Foxtrot to salsa, novices to experts: multiple styles offered to all levels
By Alison Rooney
Nimble on your feet, loose with your hips but at sea when it comes to actual dance steps? Or, does the two-word-phrase “box step” invoke a pounding heart and clammy hands, as you prepare to face your fears for a first dance at a wedding, or a tug towards the dance floor by your significant other at a social event?
Whether it’s simply because dancing has always seemed like fun, or more purposeful, the brand new Fred Astaire Dance Studio, located on Route 9 north of Cold Spring, is ready to step in and help out. After all, their motto is, “If you can walk, we can teach you to dance.”
The studio invites the curious, at any level, to dip their toes into the dancing waters via an introductory offer of two private 30-minute lessons with co-owners Yuriy and Melissa Herhel, as well as a ticket to one of their ongoing Friday night dance party events, at a cost of $60. If you’re enthused about continuing on after that, group and private lessons in varying styles are available.
In the Ukraine, where Yuriy Herhel was born and raised, ballroom dancing is a common pursuit — something always in evidence in international ballroom dance competitions, with dancers from Russia and the surrounding lands frequently dominating. Herhel began dancing at age 9 — he calls this a little late: “It’s popular for kids there to start at a very early age.”
Growing up in a small town, Poltava, about 100 miles from Russia, Herhel eventually rose to a level where he was competing in regional, then national competitions; he was a national finalist in the “International Legend” style. Explaining this designation, he says that the faster and more Latin-tinged dances, rumba, salsa, cha cha, fall into this category, while the slower dances are designated “Ballroom.”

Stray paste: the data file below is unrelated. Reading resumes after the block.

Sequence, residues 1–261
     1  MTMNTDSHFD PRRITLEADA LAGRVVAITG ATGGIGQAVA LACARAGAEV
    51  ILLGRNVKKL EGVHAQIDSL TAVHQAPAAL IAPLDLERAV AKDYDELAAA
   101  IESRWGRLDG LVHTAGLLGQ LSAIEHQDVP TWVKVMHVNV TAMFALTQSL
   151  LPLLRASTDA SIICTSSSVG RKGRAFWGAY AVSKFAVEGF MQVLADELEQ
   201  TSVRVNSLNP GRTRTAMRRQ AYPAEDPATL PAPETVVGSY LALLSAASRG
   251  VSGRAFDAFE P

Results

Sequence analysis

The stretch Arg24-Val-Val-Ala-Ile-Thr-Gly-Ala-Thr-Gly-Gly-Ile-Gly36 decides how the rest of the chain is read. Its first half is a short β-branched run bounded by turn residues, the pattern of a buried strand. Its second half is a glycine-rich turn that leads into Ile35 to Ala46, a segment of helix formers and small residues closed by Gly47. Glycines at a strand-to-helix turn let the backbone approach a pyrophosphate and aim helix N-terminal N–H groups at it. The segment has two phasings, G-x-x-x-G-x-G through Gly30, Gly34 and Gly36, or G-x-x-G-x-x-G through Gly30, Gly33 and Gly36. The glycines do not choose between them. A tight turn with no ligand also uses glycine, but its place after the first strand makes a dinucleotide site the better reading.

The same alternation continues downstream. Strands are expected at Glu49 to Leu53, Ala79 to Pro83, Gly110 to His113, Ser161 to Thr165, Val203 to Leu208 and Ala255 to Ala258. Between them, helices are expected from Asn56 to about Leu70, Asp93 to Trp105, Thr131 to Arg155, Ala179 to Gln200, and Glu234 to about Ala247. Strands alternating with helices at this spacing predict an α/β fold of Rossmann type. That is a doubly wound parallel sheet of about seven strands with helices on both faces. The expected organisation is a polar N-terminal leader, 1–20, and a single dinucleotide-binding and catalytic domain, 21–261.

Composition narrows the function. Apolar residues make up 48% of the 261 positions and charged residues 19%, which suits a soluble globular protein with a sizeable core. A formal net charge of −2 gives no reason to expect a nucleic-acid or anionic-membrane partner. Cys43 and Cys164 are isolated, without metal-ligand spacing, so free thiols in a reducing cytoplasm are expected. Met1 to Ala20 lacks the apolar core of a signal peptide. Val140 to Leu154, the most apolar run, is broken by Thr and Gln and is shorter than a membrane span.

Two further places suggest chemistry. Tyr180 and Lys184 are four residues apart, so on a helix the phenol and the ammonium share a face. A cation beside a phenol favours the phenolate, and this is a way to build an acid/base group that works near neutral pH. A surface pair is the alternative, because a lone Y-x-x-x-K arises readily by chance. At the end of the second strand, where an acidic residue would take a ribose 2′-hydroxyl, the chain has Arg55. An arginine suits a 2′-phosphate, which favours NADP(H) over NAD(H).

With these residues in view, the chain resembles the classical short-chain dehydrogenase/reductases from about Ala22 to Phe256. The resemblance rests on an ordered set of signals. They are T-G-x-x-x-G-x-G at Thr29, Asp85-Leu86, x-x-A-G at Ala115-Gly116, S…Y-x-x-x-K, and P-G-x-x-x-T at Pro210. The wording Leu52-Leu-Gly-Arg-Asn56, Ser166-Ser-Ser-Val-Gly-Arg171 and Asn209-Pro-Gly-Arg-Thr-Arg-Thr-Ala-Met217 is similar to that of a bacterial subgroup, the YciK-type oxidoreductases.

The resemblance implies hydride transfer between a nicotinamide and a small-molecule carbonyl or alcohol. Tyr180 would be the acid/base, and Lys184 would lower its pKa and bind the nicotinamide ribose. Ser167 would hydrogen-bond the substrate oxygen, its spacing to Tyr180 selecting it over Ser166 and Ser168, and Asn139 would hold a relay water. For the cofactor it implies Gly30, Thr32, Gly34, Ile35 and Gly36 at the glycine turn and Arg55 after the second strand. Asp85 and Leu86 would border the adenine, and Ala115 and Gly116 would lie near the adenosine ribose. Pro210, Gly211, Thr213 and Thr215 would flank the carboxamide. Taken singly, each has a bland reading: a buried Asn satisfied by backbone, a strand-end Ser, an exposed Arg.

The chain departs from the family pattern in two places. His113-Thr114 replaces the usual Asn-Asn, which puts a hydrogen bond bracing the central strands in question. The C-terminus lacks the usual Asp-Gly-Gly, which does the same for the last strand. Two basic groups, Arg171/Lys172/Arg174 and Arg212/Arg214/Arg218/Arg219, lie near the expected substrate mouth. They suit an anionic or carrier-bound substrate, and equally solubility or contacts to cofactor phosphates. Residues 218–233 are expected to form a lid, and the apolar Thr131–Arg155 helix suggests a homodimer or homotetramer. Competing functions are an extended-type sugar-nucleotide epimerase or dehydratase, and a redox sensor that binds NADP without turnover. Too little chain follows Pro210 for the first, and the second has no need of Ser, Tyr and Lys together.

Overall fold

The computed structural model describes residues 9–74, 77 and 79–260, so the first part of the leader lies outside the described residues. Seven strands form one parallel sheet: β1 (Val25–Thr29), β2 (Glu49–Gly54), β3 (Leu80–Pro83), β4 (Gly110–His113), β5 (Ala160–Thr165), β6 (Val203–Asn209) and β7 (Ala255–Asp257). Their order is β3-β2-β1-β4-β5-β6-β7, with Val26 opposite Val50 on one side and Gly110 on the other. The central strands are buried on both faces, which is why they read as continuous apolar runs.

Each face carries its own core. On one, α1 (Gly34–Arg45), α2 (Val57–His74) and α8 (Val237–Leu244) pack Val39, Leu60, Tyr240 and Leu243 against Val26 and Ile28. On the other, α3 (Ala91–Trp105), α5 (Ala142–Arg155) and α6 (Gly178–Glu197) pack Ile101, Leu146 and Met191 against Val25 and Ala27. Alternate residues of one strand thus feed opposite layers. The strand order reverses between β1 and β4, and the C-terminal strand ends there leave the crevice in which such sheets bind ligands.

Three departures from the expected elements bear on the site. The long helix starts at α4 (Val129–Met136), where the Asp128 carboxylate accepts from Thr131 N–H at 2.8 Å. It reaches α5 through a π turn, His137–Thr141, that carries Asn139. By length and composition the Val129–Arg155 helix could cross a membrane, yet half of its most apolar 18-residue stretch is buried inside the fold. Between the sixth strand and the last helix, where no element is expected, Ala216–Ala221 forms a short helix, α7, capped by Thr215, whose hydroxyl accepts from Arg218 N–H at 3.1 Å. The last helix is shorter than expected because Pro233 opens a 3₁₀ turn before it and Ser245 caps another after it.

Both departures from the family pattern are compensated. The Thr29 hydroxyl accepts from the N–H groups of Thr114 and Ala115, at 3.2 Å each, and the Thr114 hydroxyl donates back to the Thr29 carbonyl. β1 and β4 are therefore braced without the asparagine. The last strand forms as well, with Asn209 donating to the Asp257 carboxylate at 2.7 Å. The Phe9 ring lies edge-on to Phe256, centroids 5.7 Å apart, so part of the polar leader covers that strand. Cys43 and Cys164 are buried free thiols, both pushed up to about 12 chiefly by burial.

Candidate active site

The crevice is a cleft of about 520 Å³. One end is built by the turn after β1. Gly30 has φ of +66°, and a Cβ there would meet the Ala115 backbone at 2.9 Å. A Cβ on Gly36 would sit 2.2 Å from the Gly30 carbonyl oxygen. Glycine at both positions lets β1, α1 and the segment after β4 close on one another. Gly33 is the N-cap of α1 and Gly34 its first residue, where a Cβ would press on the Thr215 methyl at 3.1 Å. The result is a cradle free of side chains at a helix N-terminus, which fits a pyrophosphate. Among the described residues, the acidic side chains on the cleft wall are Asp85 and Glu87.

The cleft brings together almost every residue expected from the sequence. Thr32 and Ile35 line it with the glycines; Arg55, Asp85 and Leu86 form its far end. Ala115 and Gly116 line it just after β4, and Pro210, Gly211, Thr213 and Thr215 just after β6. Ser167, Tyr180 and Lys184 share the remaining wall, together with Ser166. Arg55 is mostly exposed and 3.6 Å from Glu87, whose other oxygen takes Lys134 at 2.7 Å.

Turning professional, Herhel danced in a team which traveled all over Europe and participated in a large outdoor dance festival in Turkey each summer. He then traveled the world, with stints working in South Korea and as a samba dancer on cruise ships. In 2009, former coaches from the Ukraine invited him to teach at their Tarrytown studio. Though he had never been to this part of the world, he decided to take up the offer, arriving that December.
Immediately, he noticed the differences in ballroom dancing here. “I came to Tarrytown and fell in love with the American style, which is more social, less competition,” Herhel notes, adding that his wife’s grandparents are still dancing the lindy at ages 86 and 89. His clients in Tarrytown ranged in age from 6 to 96. Herhel and his wife Melissa met — where else? — at a ballroom dance competition in New Jersey: “I saw her on the dance floor and invited her to slow dance. We got married in Cold Spring and I feel in love with the area — it reminded me of Poltava, so green and beautiful — it feels like a resort sometimes,” he recounts.